The student news site of Potomac Falls High School

The Roar

The student news site of Potomac Falls High School

The Roar

The student news site of Potomac Falls High School

The Roar

Review: “The Tortured Poets Department”


Hot girl summer is out, tortured poet summer is in

Taylor Swift dropped her newest album, The Tortured Poet’s Department, at midnight on April 19. Once again, the Roar is here with a full review and everything you need to know about it. 

The Tortured Poet’s Department, also abbreviated as TTPD or Poets, is Swift’s eleventh album, made with long-time collaborators Jack Antonoff and Aaron Dessner. She announced it at the 66th Grammys after winning “Best Pop Vocal Album” for Midnights

“I have never had an album where I needed songwriting more than I needed it on Tortured Poets,” Swift said at her Eras Tour show in Melbourne. She also described it as a “lifeline.” The concept is based on the five stages of grief, as cemented by the release of five playlists with that theme. 

And in typical Swift fashion, at 2:00 am, she dropped an extra fifteen songs and revealed that Poets was a double album, with a total of 31 songs. The author of this article was halfway through writing it and had to adjust to this news. 

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All around, Poets is of the pop and alternative genres, and of course, the vocals are stellar, as are the lyrics. Swift’s strength has always been in songwriting, and Poets is no different.
Long story short, the album isn’t bad, not at all. Swift, in her decade plus of experience, is incapable of making a bad album. At its first listen, it just doesn’t feel up to the standard of the last three albums – Folklore, Evermore, and Midnights. It’s likely to grow on its listeners with time. 

The title track, The Tortured Poets Department, is more on the conversational side. Coming in at almost five minutes, it could benefit from brevity. 

Swift is known for track fives, which are, historically, the saddest songs on her albums. Poets’ track five, So Long, London, finds her saying goodbye to the city. Though there’s a bit of a slow start, the song gets better as it progresses. That’s the case for many on the album, including The Smallest Man Who Ever Lived, The Black Dog, and But Daddy I Love Him.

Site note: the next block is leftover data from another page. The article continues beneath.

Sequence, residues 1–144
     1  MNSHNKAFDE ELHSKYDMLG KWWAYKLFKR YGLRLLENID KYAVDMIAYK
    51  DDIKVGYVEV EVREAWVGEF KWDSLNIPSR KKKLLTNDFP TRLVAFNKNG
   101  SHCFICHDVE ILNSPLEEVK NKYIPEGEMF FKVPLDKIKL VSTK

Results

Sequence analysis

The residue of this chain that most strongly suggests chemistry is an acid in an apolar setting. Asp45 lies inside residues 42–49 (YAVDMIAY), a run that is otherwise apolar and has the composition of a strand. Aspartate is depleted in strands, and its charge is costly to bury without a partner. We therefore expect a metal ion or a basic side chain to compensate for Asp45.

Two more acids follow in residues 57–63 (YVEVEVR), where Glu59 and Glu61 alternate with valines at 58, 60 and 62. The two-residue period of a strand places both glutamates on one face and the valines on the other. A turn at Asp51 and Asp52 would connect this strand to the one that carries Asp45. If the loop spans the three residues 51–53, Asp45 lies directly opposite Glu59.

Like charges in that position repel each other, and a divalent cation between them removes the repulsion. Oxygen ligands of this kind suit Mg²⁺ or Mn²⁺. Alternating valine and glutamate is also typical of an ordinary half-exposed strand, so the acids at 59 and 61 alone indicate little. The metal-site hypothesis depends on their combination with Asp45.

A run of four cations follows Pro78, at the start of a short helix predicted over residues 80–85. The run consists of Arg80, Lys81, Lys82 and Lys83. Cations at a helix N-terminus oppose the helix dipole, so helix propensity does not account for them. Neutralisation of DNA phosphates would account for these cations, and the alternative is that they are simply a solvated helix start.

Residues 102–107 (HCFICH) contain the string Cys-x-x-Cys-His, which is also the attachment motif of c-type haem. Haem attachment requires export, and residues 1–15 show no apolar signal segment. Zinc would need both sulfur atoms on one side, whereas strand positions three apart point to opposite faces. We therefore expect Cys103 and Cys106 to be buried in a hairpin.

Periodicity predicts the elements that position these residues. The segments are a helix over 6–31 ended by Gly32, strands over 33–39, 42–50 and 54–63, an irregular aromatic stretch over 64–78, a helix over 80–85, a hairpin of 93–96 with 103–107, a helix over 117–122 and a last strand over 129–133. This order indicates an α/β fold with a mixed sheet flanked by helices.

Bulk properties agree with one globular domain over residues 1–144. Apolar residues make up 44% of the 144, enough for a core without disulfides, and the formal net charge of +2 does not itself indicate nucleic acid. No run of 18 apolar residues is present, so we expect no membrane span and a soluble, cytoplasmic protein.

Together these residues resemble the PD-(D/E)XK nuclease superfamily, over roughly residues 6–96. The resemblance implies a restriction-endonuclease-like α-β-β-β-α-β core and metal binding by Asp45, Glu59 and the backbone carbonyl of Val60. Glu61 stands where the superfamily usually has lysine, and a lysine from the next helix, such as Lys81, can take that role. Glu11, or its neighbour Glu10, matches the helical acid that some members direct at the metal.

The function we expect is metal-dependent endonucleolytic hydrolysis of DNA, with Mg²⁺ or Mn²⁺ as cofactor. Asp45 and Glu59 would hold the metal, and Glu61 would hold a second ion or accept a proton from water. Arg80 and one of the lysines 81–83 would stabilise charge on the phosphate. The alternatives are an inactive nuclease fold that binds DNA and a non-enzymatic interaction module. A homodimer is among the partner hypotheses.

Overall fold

Who’s Afraid Of Little Old Me?, a likely reference to the movie Who’s Afraid of Virginia Woolf, is the newest angry girl anthem. As Swift sings “that I’m fearsome, and I’m wretched and I’m wrong,” she reflects on both past controversies and past relationships. That, and I Can Do It With a Broken Heart, are sensational tracks. Broken Heart is about the experience of going out on stage again after the news of Swift’s split from actor Joe Alwyn was publicized, and how she came out stronger on the other side. It’s pop-y considering the rest of the album, and the production is busy, but fun. 

In terms of collabs, there are two on the album – Fortnight with Post Malone, and Florida!!! with Florence + The Machine. The former is a pleasant opening track, with nice background vocals from Post Malone. The latter, however, is a complete standout on the album. Swift and Florence Welch sound incredible together, and Antonoff’s production is more typical of a Welch song, which sets it apart. It also somehow details the most stereotypical Florida experience, with lyrics about time-shares, drugs, and the implied killing of a cheating husband. 

On The Anthology, which includes the second part of the double album, The Albatross and How Did It End? are wonders for their soft, pretty-sounding production, done by Dessner. So High School is a soft-rock love song about a relationship that makes Swift feel like she’s back in her “bittersweet sixteen” years. Finally, the track Cassandra references the Greek myth of Cassandra of Troy, who was cursed to give true prophecies that no one would ever believe. 

There are technically two closing tracks: Clara Bow on the standard edition, and The Manuscript on the Anthology. Clara Bow is reminiscent of other tracks about fame, such as The Lucky One or The Last Great American Dynasty, and has references to Hollywood “It Girl” Clara Bow, Stevie Nicks, and Swift herself. The Manuscript wraps up the album with a neat little bow.

With 31 songs, it’s natural that some of them feel like filler. This is mainly the case on the second part of the album. But every song has something to offer. Poets’ beauty is in its unabashed honesty and expert lyricism, and no matter what song you press play on, you’ll find that.